Walk's aim is to legalize use of medical marijuana

May 19, 2007

Nirmal Mitra, Asbury Park Press (NJ)

SEASIDE HEIGHTS — A group of Libertarian Party members plans to set out today on a "Walk Across New Jersey" with a message for lawmakers: Legalize medical marijuana.

Leading the walk will be 55-year-old Jim Miller of Toms River, the party's candidate for state Senate from the 10th District. His wife Cheryl, a medical marijuana advocate, died June 7, 2003, after spending the last decade of her life telling people how marijuana relieved her multiple sclerosis spasticity and pain. Miller will be pushing his wife's wheelchair.

The group will start by holding its state meeting at 10 a.m. today at Captain Hooks at 1320 Boulevard and head out from there at noon. Participants will walk over the Route 37 bridge, break for lunch at the Pier One restaurant on Route 37, and then start the trek toward Trenton, which they plan to reach Tuesday.

Although Miller expects about 50 to 80 people, including many of the party's 24 candidates for the November election, to walk the first couple of miles, only four or five will accompany him all the way across the state, with two support vehicles following, he said.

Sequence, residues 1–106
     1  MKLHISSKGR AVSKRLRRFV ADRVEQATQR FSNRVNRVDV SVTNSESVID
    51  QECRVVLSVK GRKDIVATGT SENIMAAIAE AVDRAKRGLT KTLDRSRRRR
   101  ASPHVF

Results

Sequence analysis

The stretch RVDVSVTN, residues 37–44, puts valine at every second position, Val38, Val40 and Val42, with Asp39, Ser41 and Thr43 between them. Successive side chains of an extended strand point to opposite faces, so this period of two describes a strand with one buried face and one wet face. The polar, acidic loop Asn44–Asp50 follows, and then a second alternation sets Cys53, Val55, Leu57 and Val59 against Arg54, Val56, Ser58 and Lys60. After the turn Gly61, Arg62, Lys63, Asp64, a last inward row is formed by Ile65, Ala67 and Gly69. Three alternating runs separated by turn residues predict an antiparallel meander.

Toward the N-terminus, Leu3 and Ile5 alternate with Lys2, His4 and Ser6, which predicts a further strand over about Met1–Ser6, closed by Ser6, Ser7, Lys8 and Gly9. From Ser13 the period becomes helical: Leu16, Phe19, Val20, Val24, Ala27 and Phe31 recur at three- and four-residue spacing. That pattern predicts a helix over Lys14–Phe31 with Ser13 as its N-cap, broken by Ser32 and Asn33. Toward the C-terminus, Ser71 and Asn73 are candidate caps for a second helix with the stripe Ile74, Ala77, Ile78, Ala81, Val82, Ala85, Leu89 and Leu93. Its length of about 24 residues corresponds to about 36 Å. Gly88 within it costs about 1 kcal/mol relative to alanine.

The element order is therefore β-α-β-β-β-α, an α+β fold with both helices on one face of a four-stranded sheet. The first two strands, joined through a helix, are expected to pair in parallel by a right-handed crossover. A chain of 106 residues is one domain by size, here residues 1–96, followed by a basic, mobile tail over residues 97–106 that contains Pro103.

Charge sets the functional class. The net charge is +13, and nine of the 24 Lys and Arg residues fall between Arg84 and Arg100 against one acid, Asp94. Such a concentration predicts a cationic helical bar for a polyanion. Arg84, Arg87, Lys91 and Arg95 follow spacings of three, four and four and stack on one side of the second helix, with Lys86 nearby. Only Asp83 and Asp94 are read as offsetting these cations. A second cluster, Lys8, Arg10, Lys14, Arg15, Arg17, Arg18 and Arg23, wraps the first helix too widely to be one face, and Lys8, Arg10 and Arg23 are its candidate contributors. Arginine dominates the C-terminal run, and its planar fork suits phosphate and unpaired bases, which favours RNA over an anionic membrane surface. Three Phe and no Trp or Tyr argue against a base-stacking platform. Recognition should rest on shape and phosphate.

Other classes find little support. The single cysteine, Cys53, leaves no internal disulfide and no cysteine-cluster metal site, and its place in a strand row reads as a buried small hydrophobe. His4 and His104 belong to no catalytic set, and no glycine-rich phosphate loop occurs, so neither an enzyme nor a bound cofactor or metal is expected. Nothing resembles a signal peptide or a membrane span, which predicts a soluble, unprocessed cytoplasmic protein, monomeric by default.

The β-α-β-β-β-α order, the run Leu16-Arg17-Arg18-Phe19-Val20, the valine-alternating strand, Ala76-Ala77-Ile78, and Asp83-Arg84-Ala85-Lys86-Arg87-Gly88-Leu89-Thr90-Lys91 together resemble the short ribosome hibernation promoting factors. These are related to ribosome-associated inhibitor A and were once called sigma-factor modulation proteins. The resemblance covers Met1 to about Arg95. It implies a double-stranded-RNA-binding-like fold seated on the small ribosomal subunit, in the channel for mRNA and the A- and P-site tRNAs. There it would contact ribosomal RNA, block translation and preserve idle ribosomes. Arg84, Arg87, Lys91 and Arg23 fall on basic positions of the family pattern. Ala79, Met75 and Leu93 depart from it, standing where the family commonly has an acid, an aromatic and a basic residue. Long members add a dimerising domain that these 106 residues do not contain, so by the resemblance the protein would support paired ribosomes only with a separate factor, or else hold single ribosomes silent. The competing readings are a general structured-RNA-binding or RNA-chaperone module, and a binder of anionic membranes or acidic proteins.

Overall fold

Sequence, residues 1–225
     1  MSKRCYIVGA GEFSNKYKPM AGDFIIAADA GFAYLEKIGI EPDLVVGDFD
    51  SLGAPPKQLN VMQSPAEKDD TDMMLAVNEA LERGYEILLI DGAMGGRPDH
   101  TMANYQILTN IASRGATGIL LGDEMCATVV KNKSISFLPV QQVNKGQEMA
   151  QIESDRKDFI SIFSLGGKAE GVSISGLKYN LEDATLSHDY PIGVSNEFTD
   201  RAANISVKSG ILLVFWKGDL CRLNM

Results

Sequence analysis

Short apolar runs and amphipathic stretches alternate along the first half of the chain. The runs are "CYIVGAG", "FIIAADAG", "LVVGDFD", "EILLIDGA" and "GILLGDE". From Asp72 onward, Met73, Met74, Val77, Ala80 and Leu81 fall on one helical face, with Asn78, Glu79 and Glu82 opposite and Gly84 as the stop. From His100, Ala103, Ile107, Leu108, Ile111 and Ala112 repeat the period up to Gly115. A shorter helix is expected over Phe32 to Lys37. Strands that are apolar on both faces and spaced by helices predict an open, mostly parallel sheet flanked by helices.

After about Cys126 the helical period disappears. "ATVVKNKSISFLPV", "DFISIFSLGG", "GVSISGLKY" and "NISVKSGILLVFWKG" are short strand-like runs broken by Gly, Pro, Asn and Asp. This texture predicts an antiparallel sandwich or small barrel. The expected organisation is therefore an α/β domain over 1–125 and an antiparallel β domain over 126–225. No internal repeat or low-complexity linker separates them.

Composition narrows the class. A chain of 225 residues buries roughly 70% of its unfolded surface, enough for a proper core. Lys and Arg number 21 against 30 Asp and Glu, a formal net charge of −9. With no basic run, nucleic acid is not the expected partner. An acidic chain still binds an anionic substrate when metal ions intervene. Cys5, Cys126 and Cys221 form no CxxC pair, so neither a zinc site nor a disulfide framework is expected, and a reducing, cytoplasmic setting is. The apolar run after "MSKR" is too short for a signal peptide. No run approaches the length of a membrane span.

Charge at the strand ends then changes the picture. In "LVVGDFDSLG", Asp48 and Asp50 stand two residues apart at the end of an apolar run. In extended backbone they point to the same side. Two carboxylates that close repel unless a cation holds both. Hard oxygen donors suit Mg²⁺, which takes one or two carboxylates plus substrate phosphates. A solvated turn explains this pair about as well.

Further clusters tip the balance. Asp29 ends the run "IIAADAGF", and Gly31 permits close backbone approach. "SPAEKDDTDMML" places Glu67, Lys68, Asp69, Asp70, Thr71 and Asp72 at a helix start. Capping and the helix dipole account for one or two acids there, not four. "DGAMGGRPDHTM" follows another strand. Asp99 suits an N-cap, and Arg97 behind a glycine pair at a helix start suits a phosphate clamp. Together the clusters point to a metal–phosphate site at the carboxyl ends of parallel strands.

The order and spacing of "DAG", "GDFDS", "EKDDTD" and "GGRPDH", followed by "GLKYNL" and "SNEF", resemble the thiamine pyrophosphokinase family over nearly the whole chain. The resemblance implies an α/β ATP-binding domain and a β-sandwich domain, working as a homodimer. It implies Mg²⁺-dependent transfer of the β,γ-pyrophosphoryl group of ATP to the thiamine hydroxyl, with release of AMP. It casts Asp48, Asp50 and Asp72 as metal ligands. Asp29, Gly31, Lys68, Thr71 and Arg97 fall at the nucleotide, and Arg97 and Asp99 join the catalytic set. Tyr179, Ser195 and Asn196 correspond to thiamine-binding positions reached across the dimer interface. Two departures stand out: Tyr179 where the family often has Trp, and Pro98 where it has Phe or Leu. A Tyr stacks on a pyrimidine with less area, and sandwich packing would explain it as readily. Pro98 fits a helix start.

They will walk along Route 37 to Route 9 to Freehold and then along Route 33 to Trenton. They plan to reach the steps of the statehouse by noon Tuesday and then deliver their petition to election officials, according to Lou Jasikoff, chairman of the party. They want to place on the November ballot a question of whether medical marijuana should be legalized.

Lawmakers are working on two medical marijuana bills, one in the state Senate and another in the Assembly, Miller said. Informational hearings on the Senate bill were held last June, and the legislation is stalled.

Although there is no organized campaign to make marijuana legal, there is public support for it, Miller said. A poll by the Drug Policy Alliance showed 86 percent of people surveyed supported legalizing marijuana for medical use and 11 percent opposed legalizing it, he said.

Miller said he decided to run for state Senate after the party agreed to join the push to legalize marijuana.

Libertarian Party candidates are "well-educated, intelligent and young and will bring a fresh face to New Jersey," Jasikoff said.

"We're very mainstream," he said. Democratic and Republican lawmakers "represent their parties and not the people," he said. "They have sold their souls to special interest groups."

Libertarians, on the other hand, are "regular working guys" who don't take money from such groups, he said. "We work 40-50 hours a week, and we're trying to find the energy and resources to make a difference."



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